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VIC The Age : "Fears over 'death warrant' rider licensing"

Discussion in 'Politics, Laws, Government & Insurance' at netrider.net.au started by MrGrumpy, Jul 15, 2011.

  1. Whilst I totally agree the current licencing system in Vic (and probably other states aswell) is inadeqaute and needs to be overhauled, A trainer saying he feels like hes signing a death warrant seems a little extreme in my opinion.

    Taken from theage.com.au.

    Fears over 'death warrant' rider licensing Ian Munro
    July 15, 2011

    MOTORCYCLE use has soared in the past decade but the licensing system for riders is ''a joke'' and ''totally inadequate'', according to the private providers who conduct testing on behalf of VicRoads.

    Licensing agencies say the standard of riding required for a licence is so low that it is possible for applicants unsuited to road riding to fluke a pass.

    ''The fact that the minimum learner permit requires the use of first and second gear and a maximum speed of around 25km/h … now how can that be a preparation for on-road riding?'' said Ross Wright, Victorian manager for the national riding school Stay Upright.

    Advertisement: Story continues below Mark Collins, national manager for Honda Australia Rider Training, which trains 20,000 riders annually, says Victoria's system is inadequate.

    ''The learner test only tests three skills: the ability to ride slowly, the ability to corner at 10km/h and the ability to stop.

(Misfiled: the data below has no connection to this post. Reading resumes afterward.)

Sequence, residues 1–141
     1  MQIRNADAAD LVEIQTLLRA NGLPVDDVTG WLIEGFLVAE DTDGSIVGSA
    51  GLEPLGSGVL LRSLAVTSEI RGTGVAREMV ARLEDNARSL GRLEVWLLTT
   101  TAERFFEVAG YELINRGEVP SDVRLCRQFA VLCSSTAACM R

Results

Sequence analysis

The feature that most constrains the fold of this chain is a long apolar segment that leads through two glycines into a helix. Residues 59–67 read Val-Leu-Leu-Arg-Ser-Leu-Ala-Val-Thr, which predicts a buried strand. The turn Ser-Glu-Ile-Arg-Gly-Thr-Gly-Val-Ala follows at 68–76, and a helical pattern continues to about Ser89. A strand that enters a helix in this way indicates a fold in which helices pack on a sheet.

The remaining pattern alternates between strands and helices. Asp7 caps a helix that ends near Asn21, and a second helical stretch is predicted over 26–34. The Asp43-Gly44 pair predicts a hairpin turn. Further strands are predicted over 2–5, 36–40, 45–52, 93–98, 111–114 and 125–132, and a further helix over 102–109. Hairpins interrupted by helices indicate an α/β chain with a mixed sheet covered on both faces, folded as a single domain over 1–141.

''You can see some very ugly stops from 20km/h, but if they are able to stop that motorcycle without dropping it within seven metres, we don't have a choice [but to issue the licence].''

    Authorities were alarmed earlier this year by a sudden rise in deaths, particularly among middle-aged men. While the death toll has fallen from a high of 64 in 2001 to 49 last year, inexperienced riders appear to be over-represented in accidents. This year's toll is 29 compared with 32 at the same time last year.

    VicRoads director of road user safety James Holgate said novice riders made up almost one in three of all rider fatalities and serious injuries.

    Pre-learner training is not compulsory in Victoria, but Mr Holgate said evidence from providers was that most learners had some training before taking the test. He said one option under consideration was mandatory pre-learner training.

    Mark Davidson, a rider trainer and tester with 12 years' experience, said: ''We are sending people out underprepared. I sometimes feel like I am signing someone's death warrant.''

    He said he didn't believe any trainer in the state agreed with

    the current system. Trainers said the only recourse when an underprepared rider passed was to urge them to seek more training.